Many multicellular eukaryotes have reasonably high per-generation mutation rates. Consequently, most populations harbor an abundance of segregating deleterious alleles. These alleles, most of which are of small effect individually, collectively can reduce substantially the fitness of individuals relative to what it would be otherwise; this is mutation load. Mutation load can be lessened by any factor that causes more mutations to be removed per selective death, such as inbreeding, synergistic epistasis, population structure, or harsh environments. The ecological effects of load are not clear-cut because some conditions (such as selection early in life, sexual selection, reproductive compensation, and intraspecific competition) reduce the effects of load on population size and persistence, but other conditions (such as interspecific competition and load on resource use efficiency) can cause small amounts of load to have strong effects on the population, even extinction. We suggest a series of studies to improve our understanding of the effects of mutation load.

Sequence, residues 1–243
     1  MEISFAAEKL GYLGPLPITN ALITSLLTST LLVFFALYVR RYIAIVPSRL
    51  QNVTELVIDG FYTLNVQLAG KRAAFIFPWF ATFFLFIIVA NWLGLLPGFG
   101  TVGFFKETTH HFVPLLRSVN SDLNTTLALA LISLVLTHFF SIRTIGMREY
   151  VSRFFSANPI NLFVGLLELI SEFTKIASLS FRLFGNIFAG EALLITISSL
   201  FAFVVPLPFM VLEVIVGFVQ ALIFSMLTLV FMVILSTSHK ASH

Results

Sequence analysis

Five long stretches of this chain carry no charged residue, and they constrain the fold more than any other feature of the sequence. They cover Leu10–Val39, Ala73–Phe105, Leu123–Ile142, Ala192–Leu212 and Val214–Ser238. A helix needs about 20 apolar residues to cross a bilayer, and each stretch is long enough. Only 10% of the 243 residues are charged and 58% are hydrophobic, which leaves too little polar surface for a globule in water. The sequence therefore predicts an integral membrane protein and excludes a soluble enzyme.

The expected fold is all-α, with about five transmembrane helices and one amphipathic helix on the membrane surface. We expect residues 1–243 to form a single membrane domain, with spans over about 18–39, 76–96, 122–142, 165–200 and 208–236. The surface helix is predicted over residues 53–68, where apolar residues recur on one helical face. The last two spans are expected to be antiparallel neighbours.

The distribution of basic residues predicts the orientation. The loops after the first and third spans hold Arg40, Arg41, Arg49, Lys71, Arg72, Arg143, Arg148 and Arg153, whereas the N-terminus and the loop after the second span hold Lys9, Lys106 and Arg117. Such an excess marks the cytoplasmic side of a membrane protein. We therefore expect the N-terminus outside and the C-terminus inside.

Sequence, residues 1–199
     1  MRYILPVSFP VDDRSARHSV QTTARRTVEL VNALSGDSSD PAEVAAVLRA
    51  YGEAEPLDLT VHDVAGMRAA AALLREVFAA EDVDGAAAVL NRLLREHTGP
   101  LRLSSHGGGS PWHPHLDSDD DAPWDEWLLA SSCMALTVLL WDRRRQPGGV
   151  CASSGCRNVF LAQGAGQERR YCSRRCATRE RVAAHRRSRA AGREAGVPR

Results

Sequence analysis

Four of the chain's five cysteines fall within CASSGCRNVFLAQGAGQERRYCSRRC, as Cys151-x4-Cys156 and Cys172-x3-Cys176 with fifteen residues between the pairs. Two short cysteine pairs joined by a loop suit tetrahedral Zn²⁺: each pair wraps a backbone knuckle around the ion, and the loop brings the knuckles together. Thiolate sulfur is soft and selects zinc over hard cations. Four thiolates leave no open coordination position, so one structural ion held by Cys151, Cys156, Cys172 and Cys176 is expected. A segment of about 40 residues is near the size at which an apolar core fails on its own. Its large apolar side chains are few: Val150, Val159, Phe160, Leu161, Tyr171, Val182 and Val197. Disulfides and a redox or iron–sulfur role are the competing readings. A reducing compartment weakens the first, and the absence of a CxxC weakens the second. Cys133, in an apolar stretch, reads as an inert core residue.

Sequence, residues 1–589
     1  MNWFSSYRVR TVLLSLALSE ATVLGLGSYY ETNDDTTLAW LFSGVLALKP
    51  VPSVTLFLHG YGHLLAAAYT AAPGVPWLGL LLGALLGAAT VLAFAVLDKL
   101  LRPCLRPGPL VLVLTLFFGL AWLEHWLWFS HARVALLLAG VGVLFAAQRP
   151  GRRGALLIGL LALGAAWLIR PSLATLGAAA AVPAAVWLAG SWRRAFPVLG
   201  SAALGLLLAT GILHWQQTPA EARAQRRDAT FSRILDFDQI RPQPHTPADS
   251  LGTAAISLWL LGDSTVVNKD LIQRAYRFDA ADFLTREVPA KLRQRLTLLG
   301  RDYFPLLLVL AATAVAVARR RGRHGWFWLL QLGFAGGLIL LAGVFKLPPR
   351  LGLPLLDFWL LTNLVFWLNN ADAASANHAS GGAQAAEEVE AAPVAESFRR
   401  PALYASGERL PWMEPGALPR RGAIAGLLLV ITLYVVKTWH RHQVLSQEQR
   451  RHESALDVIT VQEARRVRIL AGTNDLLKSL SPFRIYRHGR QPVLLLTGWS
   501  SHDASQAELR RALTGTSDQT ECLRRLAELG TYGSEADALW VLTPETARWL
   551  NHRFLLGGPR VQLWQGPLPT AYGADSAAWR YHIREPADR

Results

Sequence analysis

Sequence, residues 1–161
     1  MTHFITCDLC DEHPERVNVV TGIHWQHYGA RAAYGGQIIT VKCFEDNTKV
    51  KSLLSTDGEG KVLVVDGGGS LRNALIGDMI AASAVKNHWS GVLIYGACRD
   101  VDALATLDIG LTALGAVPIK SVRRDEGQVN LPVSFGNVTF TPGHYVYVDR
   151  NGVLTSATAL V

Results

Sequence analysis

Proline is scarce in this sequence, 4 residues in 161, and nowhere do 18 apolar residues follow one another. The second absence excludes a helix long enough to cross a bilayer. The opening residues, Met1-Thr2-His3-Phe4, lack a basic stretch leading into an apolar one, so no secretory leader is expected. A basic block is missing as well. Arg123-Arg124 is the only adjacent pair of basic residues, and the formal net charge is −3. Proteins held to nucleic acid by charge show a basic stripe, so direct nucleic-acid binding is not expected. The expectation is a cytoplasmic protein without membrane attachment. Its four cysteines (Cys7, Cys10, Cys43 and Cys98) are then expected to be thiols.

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  • Article Type: Review Article
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